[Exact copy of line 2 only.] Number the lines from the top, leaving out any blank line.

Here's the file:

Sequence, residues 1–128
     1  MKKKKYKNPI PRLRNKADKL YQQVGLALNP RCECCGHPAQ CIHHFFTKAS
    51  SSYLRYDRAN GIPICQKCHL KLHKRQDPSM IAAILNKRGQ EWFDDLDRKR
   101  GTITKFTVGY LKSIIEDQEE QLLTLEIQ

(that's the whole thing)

     1  MKKKKYKNPI PRLRNKADKL YQQVGLALNP RCECCGHPAQ CIHHFFTKAS